How can you help elephant conservation efforts?

Every one of us can further our commitments to saving the elephant, one of the world’s most treasured mammals.

Last year, as a way to scale up previous efforts to help relieve pressures on wildlife, the land and its people, The Explorations Company established a charitable foundation on the company’s 30th anniversary. Through enhanced personal experiences, Explorations Plus is a channel for you to help finance community improvement and biodiversity conservation across Africa and Asia.

 


By way of a donation, you can visit carefully selected, supported projects and see the direct impact of your contribution. Some charity partners operating in areas visited by our clients are focused on elephant conservation. I wholeheartedly believe that investing in the work of conservation charities is the most rewarding of travel experiences. At the same time, I guarantee that your investment will establish a lasting personal impact.

How can you engage with these charities as part of a conservation safari?

I encourage you to engage with these charities during a conservation-focussed safari or holiday to Africa. The Explorations Company have collaborated with our charity partners to create unique activities and conservation experiences for you and your family.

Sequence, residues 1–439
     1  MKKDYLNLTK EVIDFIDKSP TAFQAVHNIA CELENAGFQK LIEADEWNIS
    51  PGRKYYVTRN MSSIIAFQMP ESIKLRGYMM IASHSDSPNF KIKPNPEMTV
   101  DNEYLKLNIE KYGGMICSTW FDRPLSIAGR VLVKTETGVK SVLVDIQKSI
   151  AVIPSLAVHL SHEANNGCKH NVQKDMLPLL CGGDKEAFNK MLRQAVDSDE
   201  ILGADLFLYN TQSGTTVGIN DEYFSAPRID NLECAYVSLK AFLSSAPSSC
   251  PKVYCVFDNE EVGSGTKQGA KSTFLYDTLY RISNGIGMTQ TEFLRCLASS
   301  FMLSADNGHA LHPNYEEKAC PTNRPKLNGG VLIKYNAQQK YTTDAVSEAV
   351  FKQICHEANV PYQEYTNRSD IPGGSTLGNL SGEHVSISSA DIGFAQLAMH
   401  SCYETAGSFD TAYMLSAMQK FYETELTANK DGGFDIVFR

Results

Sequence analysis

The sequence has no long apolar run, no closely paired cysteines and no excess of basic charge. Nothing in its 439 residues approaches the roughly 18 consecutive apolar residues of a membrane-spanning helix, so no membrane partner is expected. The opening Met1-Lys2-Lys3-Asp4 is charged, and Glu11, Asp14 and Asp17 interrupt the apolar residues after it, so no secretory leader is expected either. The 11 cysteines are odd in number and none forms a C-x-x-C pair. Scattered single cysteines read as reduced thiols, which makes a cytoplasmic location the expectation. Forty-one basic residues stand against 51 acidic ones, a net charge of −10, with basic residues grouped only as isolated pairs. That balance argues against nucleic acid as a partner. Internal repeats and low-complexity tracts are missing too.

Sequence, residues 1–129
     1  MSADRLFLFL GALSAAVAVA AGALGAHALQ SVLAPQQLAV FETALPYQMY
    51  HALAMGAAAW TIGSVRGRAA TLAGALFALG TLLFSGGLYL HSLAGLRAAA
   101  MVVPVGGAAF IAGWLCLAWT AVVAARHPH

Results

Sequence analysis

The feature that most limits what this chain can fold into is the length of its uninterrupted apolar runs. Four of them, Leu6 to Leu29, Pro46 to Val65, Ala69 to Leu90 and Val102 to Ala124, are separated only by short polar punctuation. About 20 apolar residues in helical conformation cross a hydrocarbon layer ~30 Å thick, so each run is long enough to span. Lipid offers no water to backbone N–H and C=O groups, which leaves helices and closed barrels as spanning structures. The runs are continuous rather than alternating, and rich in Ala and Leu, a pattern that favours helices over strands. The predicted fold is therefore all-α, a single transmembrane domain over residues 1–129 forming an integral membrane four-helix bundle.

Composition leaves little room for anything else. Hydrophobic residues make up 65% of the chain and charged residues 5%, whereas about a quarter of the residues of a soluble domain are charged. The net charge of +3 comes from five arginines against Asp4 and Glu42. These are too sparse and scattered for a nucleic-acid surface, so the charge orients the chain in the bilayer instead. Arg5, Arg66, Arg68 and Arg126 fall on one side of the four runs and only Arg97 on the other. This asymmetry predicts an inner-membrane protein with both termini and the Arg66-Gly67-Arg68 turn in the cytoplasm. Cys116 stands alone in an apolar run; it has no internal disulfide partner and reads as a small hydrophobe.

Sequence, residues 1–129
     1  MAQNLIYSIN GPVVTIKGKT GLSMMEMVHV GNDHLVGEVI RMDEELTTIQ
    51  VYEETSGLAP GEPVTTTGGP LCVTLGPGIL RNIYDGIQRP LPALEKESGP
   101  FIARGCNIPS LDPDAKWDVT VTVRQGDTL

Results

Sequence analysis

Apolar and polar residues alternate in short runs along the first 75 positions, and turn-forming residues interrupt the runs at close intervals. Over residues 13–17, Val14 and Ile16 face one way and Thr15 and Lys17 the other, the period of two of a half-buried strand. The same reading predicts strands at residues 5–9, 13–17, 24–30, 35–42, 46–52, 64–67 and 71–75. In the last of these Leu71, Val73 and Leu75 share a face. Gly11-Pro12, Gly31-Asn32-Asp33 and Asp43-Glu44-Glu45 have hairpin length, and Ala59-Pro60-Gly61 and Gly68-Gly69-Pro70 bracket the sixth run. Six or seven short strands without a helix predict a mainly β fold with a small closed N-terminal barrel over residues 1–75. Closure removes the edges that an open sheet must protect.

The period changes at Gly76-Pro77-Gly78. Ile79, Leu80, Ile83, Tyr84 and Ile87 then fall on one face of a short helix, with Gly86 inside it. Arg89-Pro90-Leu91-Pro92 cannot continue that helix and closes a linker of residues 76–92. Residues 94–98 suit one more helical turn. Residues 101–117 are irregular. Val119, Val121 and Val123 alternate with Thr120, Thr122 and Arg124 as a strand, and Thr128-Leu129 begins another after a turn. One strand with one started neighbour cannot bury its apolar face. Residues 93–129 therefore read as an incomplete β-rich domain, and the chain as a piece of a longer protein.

On a visit to see the work of Elephants for Africa in Botswana, help farmers to build a chilli plot, or held build a fuel-efficient stove. You and your family can also assist with Elefun environmental club activities, as well as meet staff, students or visiting scientists at their research camp of the banks of the Boteli River on community land opposite the National Park.

Engagement opportunities with Mara Elephant Project include a one-hour behind-the-scenes tour of their headquarters near Lemek Conservancy. Here you will learn about MEP’s work to protect elephants in the Greater Mara ecosystem. A visit to the headquarters also provides an opportunity to meet MEP rangers, see an elephant collar and how the tracking system for it works, as well as snares collected from the field. You will also see the helicopter and be able to track a collared elephant.

 


With Big Life, you are warmly welcomed to visit their headquarters where you will meet the programme managers to gain an overview of the day-to-day workings of a conservation organisation. Here you will see the radio room, the hub of all Big Life anti-poaching operations, as well as meet rangers and the Tracker Dog Unit. You could also join the Tracker Dog Unit on training exercise, either watching the dogs work with the handlers or as the ‘poacher’ hiding out with your guide, leaving a trail for the dogs to follow.